Will ‘Green-on-Blue’ Attacks Change NATO Strategy?

Attacks Could Serve as Ready-Made Excuse for Prolonging Occupation

The growing concern about the “green-on-blue” attacks by Afghan forces against NATO troops is sparking a lot of finger-pointing. Karzai is blaming Pakistan. Gen. Allen is blaming Ramadan. The Taliban is taking credit for itself, while the Pentagon is trying to downplay the Taliban’s role.

Whatever the cause, it is a growing problem for occupation forces in Afghanistan, particularly because many of them are spending a lot of time on Afghan bases training the security forces.

So far, Gen. Allen is insisting their will be no major changes until the matter is more fully studied, while others are speculating that this might force a rethink that would slow down the training mission and, by extension, prolong the occupation.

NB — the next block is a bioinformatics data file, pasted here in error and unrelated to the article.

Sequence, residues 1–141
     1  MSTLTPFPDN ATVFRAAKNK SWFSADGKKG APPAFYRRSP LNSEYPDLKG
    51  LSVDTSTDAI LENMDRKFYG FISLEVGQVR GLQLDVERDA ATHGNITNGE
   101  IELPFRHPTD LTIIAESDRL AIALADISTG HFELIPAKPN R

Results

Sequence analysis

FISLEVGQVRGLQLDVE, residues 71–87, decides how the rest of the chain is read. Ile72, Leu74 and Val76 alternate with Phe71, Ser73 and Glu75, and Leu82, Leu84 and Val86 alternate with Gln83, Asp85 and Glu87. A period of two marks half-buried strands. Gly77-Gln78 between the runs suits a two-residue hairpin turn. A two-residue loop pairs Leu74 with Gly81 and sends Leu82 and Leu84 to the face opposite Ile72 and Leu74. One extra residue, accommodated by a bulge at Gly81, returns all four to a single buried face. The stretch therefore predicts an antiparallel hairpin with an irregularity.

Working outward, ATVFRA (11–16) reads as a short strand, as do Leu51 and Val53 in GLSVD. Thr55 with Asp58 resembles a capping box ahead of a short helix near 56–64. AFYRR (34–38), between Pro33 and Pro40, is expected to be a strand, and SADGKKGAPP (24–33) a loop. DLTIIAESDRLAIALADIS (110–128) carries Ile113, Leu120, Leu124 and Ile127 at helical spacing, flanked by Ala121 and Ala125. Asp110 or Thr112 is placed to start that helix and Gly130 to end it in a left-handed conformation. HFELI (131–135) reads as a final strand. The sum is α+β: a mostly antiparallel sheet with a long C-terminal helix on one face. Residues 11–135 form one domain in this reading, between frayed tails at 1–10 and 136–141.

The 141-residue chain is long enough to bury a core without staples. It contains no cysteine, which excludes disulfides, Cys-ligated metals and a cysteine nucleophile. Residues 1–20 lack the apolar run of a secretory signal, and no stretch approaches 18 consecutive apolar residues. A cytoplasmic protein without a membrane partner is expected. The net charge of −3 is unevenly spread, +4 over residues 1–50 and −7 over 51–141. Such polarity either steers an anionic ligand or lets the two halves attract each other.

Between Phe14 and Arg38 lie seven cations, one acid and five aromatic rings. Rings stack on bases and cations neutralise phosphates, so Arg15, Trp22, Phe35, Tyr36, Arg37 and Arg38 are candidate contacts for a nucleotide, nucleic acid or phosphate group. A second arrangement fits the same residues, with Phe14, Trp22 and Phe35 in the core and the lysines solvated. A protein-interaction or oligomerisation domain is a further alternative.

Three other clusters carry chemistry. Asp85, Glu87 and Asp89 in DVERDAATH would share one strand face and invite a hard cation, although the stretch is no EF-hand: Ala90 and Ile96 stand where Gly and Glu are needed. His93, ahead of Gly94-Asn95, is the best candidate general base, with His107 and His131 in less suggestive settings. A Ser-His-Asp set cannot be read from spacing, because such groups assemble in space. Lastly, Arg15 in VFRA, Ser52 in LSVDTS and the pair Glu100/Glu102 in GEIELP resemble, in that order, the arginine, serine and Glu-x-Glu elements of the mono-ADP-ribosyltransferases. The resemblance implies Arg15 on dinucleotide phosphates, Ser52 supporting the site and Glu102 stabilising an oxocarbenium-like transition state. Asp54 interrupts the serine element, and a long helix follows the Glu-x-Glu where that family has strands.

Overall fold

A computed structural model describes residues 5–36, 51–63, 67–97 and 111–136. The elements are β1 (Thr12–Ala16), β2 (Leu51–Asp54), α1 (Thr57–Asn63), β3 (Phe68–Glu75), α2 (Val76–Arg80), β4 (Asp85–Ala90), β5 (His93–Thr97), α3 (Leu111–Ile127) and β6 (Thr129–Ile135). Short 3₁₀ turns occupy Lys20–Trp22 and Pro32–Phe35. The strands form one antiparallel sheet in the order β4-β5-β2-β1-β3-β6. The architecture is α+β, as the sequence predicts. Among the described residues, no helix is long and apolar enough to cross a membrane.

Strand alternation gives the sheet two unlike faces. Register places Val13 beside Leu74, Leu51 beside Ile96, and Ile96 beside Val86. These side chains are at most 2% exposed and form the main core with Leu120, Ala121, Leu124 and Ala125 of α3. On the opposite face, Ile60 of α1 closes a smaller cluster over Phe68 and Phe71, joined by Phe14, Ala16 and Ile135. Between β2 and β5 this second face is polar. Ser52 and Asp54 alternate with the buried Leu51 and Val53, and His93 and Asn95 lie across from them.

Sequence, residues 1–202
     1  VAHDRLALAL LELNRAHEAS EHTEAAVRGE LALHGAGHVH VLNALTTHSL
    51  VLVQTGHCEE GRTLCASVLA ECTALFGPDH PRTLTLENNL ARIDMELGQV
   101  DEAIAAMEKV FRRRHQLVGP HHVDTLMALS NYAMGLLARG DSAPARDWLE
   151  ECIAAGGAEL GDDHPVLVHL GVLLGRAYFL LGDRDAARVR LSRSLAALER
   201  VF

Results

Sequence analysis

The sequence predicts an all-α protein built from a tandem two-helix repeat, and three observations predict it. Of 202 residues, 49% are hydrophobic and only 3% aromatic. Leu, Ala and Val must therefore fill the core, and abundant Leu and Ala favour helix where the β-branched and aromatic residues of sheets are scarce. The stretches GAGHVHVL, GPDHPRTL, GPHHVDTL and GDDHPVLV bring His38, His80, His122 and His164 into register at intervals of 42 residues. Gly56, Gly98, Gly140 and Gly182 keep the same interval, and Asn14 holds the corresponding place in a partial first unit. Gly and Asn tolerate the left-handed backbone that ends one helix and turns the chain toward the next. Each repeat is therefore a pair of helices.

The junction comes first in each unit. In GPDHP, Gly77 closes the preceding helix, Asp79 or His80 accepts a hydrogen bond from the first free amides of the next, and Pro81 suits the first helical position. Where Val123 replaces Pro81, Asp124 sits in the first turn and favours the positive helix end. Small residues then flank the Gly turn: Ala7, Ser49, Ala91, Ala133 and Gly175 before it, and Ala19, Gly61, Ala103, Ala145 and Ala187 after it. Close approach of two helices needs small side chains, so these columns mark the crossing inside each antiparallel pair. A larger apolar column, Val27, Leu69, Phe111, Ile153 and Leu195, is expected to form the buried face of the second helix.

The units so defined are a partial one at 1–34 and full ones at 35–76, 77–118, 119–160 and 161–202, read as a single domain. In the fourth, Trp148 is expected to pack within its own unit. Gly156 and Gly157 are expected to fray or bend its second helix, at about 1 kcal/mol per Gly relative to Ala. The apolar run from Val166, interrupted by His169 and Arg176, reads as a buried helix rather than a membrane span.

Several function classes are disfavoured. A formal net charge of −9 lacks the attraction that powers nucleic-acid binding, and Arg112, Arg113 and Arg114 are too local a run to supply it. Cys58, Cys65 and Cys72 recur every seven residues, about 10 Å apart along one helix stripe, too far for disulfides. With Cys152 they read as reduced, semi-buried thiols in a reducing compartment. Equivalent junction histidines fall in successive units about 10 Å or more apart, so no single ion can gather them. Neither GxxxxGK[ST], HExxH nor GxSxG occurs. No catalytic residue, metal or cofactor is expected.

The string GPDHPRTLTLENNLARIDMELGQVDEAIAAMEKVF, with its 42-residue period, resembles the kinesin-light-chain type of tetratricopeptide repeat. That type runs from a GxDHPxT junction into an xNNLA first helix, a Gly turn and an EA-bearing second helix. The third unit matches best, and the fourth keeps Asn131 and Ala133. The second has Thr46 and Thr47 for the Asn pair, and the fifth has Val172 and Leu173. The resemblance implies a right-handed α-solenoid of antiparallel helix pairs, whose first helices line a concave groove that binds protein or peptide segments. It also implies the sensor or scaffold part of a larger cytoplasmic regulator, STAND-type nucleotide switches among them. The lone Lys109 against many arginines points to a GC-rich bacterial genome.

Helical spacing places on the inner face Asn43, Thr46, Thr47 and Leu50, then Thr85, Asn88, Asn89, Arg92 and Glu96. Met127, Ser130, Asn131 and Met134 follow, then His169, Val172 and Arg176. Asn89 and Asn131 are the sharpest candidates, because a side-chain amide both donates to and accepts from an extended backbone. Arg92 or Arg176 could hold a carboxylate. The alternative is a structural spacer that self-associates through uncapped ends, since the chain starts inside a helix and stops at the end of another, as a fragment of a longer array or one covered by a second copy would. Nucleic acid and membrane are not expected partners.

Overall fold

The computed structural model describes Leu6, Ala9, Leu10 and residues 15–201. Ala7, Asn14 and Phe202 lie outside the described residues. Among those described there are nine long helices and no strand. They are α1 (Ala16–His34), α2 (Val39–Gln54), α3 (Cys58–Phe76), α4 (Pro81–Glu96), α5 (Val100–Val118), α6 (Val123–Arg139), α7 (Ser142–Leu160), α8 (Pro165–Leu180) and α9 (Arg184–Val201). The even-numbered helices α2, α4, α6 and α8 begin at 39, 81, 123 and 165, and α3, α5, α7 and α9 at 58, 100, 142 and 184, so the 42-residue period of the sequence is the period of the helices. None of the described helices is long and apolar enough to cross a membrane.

Of course this has been a time-honored strategy for the US already in keeping the Afghan war going, but with the 2014 “transition” date still being given lip-service, it is about time for NATO to come up with an excuse to bump it back yet again, and the “green-on-blue” problem could be ready-made for just that.

Author: Jason Ditz

Jason Ditz is Senior Editor for Antiwar.com. He has 20 years of experience in foreign policy research and his work has appeared in The American Conservative, Responsible Statecraft, Forbes, Toronto Star, Minneapolis Star-Tribune, Providence Journal, Washington Times, and the Detroit Free Press.